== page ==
The principle of analogy is at the heart of Vallen : a black, slightly concave quadrilateral that harbors a pool of water at its center. The water's surface is lightly agitated by concentric waves created by a loud-speaker beneath the liquid that emits the sound of a drop of water. Before digital technology, recording used analogical systems based on principles of equivalence: the stronger the sound, the deeper the furrow a stylus would inscribe on the surface of a membrane, such as the tin of the first Edison rolls. Vallen transcribes a sound into a form, as what appears on the liquid surface is the evidence of an invisible drop, and its contours are intimately linked to the sound that produced it.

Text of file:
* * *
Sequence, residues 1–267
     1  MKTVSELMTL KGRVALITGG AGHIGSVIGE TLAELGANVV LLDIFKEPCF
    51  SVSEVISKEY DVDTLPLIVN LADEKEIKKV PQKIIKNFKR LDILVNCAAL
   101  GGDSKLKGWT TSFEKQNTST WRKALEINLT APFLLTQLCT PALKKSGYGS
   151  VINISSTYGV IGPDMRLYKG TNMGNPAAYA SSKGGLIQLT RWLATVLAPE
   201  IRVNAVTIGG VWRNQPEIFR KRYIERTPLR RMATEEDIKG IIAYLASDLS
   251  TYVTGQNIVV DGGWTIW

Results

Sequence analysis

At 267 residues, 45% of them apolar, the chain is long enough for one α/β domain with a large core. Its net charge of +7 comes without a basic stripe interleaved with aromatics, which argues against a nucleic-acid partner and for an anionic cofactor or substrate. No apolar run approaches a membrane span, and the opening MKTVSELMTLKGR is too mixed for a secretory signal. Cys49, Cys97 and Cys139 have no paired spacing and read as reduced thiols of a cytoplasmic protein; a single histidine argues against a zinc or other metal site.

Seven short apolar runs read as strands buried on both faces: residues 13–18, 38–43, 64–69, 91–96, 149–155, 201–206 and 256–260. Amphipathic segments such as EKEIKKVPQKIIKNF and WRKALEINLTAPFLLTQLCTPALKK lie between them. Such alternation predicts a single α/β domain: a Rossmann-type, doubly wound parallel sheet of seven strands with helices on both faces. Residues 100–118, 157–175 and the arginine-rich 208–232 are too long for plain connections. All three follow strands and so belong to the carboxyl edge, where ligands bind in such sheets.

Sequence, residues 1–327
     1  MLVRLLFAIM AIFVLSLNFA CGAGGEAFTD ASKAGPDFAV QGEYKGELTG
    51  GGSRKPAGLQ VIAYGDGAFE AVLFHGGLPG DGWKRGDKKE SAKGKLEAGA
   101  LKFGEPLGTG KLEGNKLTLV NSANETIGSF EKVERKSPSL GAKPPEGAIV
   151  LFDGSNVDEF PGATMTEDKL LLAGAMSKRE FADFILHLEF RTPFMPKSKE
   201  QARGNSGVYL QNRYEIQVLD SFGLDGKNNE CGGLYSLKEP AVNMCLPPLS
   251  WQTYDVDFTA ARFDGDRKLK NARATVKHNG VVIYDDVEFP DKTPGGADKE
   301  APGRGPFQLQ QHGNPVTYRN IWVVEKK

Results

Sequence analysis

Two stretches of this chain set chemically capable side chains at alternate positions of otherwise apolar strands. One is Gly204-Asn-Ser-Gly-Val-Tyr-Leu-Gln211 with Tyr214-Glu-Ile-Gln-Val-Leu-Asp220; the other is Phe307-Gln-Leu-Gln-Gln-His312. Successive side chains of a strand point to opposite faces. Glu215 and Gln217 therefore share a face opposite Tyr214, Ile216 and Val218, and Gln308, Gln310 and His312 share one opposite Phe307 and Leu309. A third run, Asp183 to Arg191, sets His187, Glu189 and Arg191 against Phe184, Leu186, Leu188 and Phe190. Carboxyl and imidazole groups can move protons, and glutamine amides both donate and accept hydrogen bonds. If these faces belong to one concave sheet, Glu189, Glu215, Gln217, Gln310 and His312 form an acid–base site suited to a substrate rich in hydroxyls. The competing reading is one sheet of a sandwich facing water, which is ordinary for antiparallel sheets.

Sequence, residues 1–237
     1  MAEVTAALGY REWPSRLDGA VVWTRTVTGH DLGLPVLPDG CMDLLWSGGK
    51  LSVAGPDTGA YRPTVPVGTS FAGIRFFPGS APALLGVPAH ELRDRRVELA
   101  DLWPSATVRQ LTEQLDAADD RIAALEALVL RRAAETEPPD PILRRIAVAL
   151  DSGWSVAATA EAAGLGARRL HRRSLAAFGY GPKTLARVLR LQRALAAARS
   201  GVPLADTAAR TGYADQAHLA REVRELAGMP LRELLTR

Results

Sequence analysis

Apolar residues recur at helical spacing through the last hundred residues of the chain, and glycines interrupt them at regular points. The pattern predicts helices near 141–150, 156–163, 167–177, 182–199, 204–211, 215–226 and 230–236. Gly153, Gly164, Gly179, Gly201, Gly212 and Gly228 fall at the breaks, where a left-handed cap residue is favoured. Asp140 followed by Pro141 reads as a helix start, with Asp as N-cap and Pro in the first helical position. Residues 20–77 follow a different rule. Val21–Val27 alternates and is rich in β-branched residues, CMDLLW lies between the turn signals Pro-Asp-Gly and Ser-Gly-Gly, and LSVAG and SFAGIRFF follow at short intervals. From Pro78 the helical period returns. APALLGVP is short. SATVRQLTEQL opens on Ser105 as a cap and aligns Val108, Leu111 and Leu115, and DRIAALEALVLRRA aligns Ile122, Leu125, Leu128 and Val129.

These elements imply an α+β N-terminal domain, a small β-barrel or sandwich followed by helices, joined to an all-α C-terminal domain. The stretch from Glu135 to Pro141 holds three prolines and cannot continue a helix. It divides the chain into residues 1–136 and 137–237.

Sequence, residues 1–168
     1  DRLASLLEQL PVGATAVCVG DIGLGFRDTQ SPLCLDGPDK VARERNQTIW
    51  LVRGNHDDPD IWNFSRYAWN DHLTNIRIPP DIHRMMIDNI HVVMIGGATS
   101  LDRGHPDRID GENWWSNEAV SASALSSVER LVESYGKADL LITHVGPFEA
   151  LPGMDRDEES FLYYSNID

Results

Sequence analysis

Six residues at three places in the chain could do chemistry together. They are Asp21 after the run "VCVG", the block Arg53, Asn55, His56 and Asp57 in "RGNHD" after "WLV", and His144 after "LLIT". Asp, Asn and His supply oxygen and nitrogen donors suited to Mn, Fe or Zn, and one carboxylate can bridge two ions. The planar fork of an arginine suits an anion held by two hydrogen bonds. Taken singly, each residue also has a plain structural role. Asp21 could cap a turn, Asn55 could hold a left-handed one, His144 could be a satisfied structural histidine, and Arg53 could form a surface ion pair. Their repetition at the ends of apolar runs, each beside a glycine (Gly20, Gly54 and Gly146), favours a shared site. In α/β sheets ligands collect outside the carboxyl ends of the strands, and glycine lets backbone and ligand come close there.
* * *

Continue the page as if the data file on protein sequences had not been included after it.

Like the painters of the dioramas, who engaged in endless research to make their scenes more accurate and more striking, Cécile Beau makes the link between documentation and a certain kind of spectacle. She collects her sounds in a documentary phase that requires visiting various locations and making specific choices about recording devices and equipment. But unlike the installations of an artist such as Robert Smithson, Cécile Beau's don't look back to make a link with any space beyond that of the exhibition. Beau meticulously works over the recordings, following certain expressive principles, in order to reconstruct a deconstructed event. Like the Chinese paintings of the 10th and 11th centuries that tried to create a complete universe parallel to the exterior world, Cécile Beau's pieces are constituted of microcosms and macrocosms, the former holding themselves at a distance, and the latter enveloping the spectator. If this work had to be summed up in a single image, a paradoxical image-and such a distillation would take a bit time-it would be that of a diorama whose entire circular surface was covered by one of Fan Kuan's lyrical landscapes.